Georgia gas tax suspension: Senate passes bill, Kemp expected to sign Friday
ATLANTA - The Georgia Senate voted 55-0 on Thursday to approve a bill that would temporarily suspend the collection of state motor vehicle taxes in the state.
House Bill 304 pauses the tax through May 31 after gas prices soared to record highs in Georgia because of Russia's invasion of Ukraine.
The bill has sped through the Georgia General Assembly since Kemp first announce the measure on March 9. It took only nine days for it to be approved by both chambers. The measure earlier passed the state House 150-0.
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Gov. Brian Kemp said he is grateful for the unanimous support for the bill.
"I'm looking forward to signing this into law and to putting money back into the pockets of hardworking Georgians!" the governor wrote in a tweet following the passage of the bill. "We appreciate all in the Senate who voted with us on this important measure."
Katie Byrd, a spokesperson for Kemp, said he could sign the measure into law as early as Friday.
"The 29 cents is not going to completely solve the problem, but it’s a start and it’s a statement," said Senate Finance Committee Chairman Chuck Hufstetler, a Rome Republican. "It will have to be filled in from the rainy day fund, but it’s raining a big storm right now."
Officials estimate it will cost the state about $160 million per month.
What is the gas tax in Georgia?
Georgia collects a state excise tax of 28.7 cents per gallon, according to a January 2022 report from American Petroleum Institute. Georgians pay 55.95 center per gallon accounting for all state and federal taxes and fees.
The measure would also abate Georgia’s taxes on aviation gasoline, liquefied petroleum gas and other fuels including compressed natural gas.
During the Colonial Pipeline shutdown in 2021, Kemp suspended the gas tax to provide relief while the company recovered from a cyberattack.
What is not covered by the suspension of the gas tax in Georgia?
The federal tax of 18.4 cents per gallon on gasoline and the federal taxes of 24.4 cents per gallon on diesel fuel are not covered under the bill.
A number of cities and counties also charge taxes.
Democratic U.S. Sen. Raphael Warnock of Georgia has already been advocating for the federal government to suspend collection of its gas tax, responding to discontent over rising fuel prices.
Both Kemp and Warnock are running for reelection this year.
When will drivers see relief at the gas pumps?
It could take some time for consumers to see relief, because gas stations now are selling fuel they were taxed on at the wholesale level.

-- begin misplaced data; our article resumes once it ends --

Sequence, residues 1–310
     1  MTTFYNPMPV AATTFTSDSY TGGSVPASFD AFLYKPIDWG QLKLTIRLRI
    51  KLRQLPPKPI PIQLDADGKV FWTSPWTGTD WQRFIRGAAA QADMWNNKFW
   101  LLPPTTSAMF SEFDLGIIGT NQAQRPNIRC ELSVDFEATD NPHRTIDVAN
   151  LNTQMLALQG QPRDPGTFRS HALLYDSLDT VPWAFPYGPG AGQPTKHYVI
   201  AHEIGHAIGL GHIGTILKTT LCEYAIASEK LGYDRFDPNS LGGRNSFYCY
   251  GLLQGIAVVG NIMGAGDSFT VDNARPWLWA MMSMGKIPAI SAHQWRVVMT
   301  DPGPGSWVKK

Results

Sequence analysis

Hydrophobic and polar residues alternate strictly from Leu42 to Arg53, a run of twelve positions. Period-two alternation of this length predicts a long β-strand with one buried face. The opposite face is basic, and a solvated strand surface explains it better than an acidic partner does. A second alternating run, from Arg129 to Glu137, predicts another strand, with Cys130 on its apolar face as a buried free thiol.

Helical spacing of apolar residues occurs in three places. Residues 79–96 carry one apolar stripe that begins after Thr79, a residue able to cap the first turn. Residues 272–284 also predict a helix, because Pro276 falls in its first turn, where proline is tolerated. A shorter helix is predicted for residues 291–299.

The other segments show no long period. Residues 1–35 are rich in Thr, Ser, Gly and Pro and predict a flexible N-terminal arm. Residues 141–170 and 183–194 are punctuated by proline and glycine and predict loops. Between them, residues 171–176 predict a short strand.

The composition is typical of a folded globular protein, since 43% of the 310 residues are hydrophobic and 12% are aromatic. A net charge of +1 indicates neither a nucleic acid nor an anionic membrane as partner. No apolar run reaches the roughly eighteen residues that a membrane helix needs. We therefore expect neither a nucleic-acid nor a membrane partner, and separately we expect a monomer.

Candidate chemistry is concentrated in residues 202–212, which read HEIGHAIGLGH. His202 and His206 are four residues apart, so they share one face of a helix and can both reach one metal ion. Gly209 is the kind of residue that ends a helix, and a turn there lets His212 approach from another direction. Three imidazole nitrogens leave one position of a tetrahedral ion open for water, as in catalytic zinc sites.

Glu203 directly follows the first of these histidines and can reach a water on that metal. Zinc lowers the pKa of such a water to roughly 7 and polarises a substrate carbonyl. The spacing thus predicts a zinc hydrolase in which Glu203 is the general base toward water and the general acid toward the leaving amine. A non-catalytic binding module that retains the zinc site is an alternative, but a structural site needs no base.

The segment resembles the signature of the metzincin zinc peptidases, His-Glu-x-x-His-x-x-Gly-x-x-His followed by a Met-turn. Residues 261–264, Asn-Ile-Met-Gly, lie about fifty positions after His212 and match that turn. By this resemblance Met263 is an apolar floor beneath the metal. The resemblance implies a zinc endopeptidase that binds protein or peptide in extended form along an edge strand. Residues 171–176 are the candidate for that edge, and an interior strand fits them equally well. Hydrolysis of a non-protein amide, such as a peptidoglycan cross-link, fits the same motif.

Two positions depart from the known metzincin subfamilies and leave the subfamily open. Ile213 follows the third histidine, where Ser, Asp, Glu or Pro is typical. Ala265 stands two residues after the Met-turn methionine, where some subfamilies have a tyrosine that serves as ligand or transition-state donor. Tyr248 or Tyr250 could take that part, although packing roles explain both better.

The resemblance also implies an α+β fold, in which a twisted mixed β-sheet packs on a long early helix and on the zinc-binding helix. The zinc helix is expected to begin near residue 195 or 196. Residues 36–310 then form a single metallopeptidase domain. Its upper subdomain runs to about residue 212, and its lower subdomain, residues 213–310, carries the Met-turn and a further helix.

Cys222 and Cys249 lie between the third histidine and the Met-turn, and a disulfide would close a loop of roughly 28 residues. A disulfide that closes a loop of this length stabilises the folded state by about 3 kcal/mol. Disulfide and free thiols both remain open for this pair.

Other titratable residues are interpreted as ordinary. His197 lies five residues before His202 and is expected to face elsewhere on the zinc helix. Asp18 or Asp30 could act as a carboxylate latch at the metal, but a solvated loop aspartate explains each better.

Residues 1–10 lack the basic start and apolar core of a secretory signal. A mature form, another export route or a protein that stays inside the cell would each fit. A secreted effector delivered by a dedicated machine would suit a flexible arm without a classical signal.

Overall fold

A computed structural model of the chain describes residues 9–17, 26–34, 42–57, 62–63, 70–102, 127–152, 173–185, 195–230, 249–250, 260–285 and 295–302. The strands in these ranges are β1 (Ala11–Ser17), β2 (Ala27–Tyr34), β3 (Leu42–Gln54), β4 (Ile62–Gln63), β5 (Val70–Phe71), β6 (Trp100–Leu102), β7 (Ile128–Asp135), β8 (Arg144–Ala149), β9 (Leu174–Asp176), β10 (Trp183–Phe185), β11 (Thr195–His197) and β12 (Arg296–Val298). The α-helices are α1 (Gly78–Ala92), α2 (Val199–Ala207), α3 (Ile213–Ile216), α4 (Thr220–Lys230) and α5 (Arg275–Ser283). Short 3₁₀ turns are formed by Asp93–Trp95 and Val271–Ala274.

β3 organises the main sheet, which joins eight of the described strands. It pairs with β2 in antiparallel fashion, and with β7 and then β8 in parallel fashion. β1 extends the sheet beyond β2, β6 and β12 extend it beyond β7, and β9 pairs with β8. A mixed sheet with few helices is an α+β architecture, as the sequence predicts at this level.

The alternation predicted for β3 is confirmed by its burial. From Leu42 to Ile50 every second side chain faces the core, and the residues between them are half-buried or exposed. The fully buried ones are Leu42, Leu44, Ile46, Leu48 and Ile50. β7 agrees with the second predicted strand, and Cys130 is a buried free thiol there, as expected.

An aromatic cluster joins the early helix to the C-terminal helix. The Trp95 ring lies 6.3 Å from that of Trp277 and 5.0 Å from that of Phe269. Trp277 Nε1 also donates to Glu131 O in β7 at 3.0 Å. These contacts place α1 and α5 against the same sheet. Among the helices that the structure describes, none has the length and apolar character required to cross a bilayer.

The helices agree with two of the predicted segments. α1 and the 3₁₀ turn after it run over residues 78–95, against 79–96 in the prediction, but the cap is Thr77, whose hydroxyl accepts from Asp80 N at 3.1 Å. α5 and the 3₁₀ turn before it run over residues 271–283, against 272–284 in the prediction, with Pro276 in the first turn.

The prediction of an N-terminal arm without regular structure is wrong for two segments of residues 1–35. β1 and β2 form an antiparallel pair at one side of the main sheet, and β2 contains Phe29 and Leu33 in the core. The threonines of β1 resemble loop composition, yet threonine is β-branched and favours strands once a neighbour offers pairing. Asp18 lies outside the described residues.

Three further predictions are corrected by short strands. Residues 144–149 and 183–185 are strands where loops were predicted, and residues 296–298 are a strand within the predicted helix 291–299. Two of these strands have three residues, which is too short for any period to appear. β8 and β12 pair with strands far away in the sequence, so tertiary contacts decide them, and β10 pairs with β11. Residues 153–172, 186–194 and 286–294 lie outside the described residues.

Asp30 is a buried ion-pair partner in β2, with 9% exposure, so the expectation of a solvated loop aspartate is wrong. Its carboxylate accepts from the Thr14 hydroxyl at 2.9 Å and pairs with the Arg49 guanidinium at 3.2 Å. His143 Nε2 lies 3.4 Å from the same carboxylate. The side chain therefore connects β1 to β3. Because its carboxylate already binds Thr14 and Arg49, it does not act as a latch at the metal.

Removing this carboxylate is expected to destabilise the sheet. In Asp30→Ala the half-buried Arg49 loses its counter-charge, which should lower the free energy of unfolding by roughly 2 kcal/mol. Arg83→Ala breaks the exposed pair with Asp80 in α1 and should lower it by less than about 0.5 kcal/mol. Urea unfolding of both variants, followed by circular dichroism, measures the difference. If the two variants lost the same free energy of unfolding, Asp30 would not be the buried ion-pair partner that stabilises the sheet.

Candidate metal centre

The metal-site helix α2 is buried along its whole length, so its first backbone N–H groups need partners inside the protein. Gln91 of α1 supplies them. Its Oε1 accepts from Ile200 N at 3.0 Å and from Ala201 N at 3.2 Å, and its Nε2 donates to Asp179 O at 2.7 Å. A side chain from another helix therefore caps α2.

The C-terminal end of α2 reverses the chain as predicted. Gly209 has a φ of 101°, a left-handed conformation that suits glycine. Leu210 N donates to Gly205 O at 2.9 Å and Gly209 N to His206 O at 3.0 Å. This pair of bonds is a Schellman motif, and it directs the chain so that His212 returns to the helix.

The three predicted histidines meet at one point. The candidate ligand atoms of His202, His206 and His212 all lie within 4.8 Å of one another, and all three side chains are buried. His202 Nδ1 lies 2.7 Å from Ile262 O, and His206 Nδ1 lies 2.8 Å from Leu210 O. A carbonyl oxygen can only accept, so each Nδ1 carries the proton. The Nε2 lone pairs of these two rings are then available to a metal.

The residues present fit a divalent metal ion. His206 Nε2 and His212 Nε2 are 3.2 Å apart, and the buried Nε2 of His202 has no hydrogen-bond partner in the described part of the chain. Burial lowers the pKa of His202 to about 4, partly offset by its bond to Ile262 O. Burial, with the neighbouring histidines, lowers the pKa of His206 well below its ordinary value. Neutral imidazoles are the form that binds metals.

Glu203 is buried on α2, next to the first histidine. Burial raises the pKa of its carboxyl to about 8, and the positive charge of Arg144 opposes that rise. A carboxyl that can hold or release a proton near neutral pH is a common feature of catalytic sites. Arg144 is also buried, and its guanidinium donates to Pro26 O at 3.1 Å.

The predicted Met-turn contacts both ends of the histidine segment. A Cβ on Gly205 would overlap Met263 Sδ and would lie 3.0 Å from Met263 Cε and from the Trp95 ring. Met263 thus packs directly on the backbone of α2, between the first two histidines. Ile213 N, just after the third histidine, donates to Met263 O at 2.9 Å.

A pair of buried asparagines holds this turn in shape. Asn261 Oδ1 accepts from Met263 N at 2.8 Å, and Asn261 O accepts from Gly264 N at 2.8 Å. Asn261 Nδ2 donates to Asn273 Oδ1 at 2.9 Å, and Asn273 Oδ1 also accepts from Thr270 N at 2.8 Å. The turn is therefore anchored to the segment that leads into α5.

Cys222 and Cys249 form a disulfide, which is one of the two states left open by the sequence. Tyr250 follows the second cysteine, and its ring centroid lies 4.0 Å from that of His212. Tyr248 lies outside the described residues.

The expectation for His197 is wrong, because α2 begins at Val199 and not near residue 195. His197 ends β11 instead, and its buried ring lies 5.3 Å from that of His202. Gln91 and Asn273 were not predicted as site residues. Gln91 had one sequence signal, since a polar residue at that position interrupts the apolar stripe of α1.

Sen. Jen Jordan, a Sandy Springs Democrat, asked whether the bill guarantees consumers will see the decreases. Hufstetler said laws against price gouging should provide some protection.
How will Georgia offset the cost for the gas tax suspension?
Suspending collections could cost the state up to $400 million that would be used for road building and other transportation projects. The Kemp administration plans to use part of the roughly $1.25 billion in leftover surplus from the last budget year, beyond $1.1 billion in state income tax refunds, to cover any gap in transportation funding. Kemp could also dip into the state’s $4.3 billion rainy day fund.
When does the gas tax suspension end in Georgia?
When the governor signs the bill, it will run through May 31.
Byrd said Kemp could extend the tax break via executive order that would have to be ratified later by lawmakers.
What is the current average for a gallon of gas in Georgia?
The average price for a gallon of gas in the U.S. on Thursday was $4.29, according to AAA.
It was $4.24 in Georgia.
Prices have dropped slightly in the last week as oil prices have dipped slightly.
How does Georgia's gas tax compare to other states?
Georgia's total of 55.95 cents per gallon came in lower than the national average of 57.09 cents per gallon. Georgia ranks 15th-highest among all U.S. states and Washington D.C.
California's 86.55 cents per gallon is the highest total tax figure while Alaska's 33.53 center per gallon is the lowest.
President Biden bans Russian oil imports
President Joe Biden has decided to ban Russian oil imports, toughening the toll on Russia’s economy in retaliation for its invasion of Ukraine, according to a person familiar with the matter.
"We're banning all imports of Russian oil and gas and energy. That means Russian oil will no longer be accepted at U.S. ports," the president announced on Tuesday.
The Associated Press contributed to this report.
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The Associated Press contributed to this report